What would the world look like if all the dystopian talk in Hollywood films actually happened? The Rover tries to give us a glimpse of one man's journey, but its minimalist style drains a lot of needed color from what could have been Oscar glory.
The Rover tells the story of a world gone mad, 10 years after an economic collapse in Australia. There, American dollars are preferred, gas and food are scarce, and killing appears to be the preferred way of doing things. Enter the scraggly-bearded Eric (Guy Pearce), whose car is stolen by three thugs after a shooting leaves the fourth thug Rey (Robert Pattinson) critically injured. As Eric pursues the trio to get his car back, he comes into contact with half-wit Rey, who knows where his compatriots have stolen off. Rather than take the truck which Rey's friends have left behind, Eric strangely resolves to get his car back, creating a trail of blood and bodies that sets the stage for a violent showdown with Rey caught in the crossfire.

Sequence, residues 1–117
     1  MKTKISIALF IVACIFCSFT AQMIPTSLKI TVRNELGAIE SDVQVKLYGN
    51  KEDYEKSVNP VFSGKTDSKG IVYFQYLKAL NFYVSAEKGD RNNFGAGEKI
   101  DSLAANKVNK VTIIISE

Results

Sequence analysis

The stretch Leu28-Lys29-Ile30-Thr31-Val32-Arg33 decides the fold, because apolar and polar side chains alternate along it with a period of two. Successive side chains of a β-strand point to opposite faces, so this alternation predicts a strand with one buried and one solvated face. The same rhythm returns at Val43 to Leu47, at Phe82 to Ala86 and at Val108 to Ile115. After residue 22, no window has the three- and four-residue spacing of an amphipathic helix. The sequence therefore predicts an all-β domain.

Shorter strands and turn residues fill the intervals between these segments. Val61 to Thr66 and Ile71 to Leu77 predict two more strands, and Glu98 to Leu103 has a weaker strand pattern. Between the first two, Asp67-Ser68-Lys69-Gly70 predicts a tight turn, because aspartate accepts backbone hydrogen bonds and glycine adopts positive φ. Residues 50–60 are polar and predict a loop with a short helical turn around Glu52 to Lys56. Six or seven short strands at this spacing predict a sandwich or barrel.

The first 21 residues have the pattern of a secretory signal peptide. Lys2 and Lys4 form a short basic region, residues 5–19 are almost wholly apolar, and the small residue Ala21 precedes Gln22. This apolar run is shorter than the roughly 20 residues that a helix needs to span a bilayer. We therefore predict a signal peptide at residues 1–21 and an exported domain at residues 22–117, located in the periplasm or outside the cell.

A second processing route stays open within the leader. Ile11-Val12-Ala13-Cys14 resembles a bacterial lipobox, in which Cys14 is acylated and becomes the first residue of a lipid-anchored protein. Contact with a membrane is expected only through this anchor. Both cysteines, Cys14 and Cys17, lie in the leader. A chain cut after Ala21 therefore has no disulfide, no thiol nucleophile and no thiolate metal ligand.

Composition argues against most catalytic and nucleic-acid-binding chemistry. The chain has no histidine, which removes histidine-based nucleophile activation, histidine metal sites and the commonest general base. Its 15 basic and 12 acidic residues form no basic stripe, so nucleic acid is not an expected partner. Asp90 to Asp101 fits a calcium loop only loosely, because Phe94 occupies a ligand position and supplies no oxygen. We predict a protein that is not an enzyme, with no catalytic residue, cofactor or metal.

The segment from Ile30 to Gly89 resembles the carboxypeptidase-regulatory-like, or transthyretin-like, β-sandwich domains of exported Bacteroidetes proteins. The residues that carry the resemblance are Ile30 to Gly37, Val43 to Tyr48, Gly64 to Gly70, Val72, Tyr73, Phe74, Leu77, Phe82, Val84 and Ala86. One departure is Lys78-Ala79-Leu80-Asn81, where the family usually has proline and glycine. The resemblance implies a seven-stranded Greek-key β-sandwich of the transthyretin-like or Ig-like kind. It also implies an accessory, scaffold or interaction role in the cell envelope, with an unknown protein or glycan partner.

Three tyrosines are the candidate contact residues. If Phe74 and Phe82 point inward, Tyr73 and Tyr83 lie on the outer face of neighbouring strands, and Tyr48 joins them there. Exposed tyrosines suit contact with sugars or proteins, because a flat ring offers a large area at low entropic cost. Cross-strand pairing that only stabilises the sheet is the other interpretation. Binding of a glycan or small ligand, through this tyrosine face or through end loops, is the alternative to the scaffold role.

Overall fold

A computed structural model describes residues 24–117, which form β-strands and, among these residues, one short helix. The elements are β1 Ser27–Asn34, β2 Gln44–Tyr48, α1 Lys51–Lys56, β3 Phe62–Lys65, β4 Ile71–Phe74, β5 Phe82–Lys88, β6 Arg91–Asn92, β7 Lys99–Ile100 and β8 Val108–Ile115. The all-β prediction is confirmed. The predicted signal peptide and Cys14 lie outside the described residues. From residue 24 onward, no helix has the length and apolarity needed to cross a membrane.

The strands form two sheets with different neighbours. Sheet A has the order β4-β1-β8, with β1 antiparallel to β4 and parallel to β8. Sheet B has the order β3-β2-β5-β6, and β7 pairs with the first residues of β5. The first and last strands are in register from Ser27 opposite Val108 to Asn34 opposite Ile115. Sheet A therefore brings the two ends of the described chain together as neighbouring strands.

Pearce is an engaging actor who can sell a scene merely by looking at the camera - his laser-sharp glances tell you of a man driven over the edge with nothing to lose, a symbol of a world that's gone off the deep end. Pattinson demonstrates that he can have a successful dramatic career post-Twilight, provided he can secure similarly juicy roles. Everyone else is window dressing, offering no deeper character elements than their oddly endowed physical features. Sadly, we soon become desensitized to such randomness, as Michôd parades them past us rather than taking a moment for us to become associated. This lack of sincerity makes their deaths feel empty and meaningless, which might be the point of the film after all. What does work for us is the most bizarre score we've heard in 2014 - Composer Antony Partos's stinging elements resonate throughout the picture, setting an immediate and unapologetic tone.
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